And this is only beyond the fact that their guilt is that they tried to recover expenses (to develop the next generation of drugs). Like every technology driven industry the drug industry is heavily dependent on innovation. Without IP it goes to a screeching halt. It may be only temporary till it figures out how to interact with it. But who knows, it is another unseen.

newson January 31, 2009 at 7:35 pm

to heuristic:
your point on the perfect reproducibility of digital files is a red herring.
shakespeare lived in the time of the printing press, which allows perfect copying. the debates on the authenticity of his works are centred on the style and syntax. are they likely to have come from one artistic mind, or several etc?

likewise, there is often doubt regarding the authenticity of old masters’ works, as many had schools. from memory, rubens was inclined to sign works produced by his most talented students.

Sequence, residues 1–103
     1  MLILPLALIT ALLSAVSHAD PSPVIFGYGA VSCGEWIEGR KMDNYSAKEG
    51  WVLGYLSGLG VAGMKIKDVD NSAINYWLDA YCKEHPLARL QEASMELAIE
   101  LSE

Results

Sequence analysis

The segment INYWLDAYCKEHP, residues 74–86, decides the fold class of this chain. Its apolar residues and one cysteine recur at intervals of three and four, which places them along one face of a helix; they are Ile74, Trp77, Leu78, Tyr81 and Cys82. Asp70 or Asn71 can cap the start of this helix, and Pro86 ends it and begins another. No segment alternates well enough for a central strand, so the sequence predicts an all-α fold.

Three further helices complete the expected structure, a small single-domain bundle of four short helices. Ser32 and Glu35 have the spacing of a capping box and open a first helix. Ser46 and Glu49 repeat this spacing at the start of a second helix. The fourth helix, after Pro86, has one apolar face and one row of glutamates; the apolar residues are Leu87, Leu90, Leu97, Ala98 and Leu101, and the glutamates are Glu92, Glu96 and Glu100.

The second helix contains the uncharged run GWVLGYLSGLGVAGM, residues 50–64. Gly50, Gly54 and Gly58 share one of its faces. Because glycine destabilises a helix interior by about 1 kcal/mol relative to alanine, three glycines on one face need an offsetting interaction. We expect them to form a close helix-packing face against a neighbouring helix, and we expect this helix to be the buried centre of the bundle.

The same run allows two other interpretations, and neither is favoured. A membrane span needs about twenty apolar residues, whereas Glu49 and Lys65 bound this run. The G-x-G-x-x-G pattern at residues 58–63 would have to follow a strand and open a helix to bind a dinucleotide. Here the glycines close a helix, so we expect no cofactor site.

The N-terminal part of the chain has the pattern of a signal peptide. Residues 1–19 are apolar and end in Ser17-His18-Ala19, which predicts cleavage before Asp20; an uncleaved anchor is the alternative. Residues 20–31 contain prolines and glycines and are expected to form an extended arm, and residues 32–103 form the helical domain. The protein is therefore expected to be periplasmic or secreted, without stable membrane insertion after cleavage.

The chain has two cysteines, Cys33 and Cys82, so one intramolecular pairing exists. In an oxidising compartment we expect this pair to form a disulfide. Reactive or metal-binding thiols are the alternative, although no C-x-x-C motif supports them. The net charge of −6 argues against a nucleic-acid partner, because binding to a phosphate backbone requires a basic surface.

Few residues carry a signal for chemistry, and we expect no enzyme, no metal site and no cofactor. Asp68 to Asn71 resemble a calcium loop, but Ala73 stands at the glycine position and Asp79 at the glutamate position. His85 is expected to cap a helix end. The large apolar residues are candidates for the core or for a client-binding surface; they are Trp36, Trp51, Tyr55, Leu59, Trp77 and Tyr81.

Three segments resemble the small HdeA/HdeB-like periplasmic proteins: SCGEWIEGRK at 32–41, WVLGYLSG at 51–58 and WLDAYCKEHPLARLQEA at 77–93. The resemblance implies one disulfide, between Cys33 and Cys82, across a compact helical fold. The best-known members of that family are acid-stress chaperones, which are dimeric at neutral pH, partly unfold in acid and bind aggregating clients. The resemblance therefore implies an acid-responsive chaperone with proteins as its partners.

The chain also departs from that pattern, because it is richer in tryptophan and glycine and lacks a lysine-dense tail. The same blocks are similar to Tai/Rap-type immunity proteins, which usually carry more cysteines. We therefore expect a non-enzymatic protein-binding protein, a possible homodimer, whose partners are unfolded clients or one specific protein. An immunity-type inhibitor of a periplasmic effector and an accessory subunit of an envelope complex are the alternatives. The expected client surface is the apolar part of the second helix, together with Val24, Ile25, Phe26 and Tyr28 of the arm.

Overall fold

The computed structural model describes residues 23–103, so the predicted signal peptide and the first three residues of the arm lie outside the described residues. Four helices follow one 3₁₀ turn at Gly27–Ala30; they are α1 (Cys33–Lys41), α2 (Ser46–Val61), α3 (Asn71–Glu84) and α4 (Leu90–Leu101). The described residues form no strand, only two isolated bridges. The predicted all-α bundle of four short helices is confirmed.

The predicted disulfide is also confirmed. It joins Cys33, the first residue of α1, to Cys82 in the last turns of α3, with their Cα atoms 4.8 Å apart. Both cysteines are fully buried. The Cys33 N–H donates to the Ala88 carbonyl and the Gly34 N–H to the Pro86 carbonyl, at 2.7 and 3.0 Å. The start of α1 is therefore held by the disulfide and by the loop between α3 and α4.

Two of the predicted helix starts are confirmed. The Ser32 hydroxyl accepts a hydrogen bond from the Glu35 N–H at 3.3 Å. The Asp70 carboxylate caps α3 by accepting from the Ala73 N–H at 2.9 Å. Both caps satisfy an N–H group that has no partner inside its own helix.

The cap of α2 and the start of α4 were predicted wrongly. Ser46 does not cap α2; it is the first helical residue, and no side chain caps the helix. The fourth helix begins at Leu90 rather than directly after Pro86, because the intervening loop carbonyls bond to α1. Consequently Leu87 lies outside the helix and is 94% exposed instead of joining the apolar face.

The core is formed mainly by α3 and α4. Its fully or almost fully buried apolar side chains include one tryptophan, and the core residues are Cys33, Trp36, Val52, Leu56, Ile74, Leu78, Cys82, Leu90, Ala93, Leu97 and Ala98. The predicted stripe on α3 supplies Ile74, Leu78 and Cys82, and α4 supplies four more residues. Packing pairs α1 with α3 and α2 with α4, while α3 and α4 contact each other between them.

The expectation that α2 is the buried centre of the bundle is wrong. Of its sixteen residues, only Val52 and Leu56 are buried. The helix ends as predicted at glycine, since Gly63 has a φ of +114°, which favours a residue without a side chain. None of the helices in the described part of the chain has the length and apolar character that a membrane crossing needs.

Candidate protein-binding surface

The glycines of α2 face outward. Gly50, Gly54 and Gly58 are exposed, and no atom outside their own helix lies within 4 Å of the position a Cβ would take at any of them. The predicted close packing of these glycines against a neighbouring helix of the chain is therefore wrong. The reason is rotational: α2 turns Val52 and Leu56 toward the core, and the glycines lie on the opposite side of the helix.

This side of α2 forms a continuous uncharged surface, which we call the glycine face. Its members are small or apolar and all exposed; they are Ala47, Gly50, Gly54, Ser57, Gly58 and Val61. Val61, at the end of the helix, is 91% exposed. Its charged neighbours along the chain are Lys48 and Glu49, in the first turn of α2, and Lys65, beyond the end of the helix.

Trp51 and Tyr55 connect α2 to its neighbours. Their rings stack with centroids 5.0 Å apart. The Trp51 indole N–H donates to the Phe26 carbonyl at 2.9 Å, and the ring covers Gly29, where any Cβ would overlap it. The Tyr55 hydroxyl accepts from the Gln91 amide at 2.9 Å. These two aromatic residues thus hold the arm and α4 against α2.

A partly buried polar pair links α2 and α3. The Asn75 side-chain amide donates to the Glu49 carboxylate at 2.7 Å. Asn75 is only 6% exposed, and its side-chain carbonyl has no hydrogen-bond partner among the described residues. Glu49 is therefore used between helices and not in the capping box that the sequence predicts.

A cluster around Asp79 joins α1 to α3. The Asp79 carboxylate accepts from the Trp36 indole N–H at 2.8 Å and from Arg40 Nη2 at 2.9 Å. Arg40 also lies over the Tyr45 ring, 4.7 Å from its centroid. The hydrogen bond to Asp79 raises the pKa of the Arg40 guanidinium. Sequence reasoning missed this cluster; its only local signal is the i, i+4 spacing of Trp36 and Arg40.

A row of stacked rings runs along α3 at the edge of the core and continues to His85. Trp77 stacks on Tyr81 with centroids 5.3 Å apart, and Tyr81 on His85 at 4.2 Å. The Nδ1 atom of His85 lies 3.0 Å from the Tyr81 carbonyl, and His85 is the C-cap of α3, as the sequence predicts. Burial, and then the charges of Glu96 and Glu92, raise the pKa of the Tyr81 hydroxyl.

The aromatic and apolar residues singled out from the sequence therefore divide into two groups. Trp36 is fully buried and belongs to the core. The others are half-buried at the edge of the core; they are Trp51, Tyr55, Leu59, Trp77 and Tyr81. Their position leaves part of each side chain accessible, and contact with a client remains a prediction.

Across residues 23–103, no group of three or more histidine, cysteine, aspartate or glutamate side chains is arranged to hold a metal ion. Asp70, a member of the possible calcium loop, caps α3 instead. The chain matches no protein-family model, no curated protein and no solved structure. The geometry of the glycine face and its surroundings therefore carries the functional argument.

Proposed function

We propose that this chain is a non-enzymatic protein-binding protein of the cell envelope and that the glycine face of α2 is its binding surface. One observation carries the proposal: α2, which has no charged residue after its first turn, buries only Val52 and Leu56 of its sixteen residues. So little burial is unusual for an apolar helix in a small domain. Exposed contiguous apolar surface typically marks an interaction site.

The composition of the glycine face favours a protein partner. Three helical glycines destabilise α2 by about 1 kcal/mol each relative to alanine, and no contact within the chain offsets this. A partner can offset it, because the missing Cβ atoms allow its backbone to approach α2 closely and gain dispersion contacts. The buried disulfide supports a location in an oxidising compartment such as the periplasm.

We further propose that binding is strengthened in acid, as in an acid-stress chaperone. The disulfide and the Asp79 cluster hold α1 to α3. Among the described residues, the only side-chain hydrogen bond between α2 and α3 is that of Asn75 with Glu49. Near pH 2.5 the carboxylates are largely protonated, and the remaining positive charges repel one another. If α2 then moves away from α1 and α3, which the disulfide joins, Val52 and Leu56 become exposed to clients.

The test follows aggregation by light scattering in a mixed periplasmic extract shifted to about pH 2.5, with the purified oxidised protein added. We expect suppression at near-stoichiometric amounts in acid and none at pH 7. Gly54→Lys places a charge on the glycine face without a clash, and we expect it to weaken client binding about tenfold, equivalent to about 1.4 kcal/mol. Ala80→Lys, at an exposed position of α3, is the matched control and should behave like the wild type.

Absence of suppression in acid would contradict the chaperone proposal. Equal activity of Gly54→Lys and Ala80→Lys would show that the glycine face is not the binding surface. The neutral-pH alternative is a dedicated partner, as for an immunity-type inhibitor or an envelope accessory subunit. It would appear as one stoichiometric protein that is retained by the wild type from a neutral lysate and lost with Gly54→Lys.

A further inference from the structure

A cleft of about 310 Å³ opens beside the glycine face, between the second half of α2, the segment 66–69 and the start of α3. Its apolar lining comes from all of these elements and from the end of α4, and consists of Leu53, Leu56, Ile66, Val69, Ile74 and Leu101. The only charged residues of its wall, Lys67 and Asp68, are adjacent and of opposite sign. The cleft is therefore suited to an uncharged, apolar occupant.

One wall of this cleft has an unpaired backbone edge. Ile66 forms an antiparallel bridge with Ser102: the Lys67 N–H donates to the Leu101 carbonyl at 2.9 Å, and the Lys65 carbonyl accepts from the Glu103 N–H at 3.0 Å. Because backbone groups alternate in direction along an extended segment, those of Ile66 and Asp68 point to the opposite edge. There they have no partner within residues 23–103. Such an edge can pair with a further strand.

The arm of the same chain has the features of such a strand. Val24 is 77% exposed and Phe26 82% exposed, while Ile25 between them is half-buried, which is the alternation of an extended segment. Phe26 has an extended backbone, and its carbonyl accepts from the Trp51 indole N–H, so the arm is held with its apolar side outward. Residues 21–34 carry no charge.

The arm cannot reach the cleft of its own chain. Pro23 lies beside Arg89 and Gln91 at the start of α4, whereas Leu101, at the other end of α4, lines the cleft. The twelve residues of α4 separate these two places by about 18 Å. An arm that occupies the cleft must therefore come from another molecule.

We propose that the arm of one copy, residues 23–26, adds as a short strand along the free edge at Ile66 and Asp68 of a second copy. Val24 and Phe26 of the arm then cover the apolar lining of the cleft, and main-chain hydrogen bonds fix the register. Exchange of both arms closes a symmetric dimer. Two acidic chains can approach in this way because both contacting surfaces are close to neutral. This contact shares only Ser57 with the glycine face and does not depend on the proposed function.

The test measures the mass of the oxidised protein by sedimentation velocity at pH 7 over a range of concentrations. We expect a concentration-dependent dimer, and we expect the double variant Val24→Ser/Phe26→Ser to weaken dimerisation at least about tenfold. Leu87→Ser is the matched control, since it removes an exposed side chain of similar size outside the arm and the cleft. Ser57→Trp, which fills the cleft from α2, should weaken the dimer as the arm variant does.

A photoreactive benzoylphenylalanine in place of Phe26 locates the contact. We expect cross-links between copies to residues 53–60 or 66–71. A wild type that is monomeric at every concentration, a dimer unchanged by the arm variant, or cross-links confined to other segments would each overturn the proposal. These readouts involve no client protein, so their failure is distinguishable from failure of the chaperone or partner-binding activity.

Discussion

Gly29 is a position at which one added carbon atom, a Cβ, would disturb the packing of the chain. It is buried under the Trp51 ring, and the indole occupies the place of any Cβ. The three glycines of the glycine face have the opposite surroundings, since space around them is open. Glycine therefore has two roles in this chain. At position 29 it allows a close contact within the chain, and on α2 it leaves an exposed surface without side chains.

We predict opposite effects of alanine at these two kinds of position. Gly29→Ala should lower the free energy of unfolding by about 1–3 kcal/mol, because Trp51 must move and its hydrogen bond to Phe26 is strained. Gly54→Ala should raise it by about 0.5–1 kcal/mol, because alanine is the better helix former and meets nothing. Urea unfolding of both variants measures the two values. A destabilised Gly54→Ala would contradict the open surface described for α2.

absent ip, one would expect to see a blooming expert market in provenance. ip stunts this.

newson January 31, 2009 at 8:33 pm

the film industry is already reacting to the apparent failure of its current business model, notwithstanding the weighty ip framework.

“the future film festival of bologna, 2009″ dedicated a day to the latest in 3D.
the beauty of stereo 3D for the industry is that it creates scarcity (special goggles available only in cinema).

this is the sort of reflex that characterizes the market, no “wise” hand of government needed.

Ken January 31, 2009 at 8:37 pm

Whatever else it does, copyright law illustrates the pitfalls and travails of trying to keep tame the dragon of government. Recall: “thanks to the U.S. Congress, an article you write today is under copyright protection until 70 years after your death.”

It was once 28 years, period. You might think that’s an acceptable compromise, but even if it is, then ask yourself this: How did it go from there to here?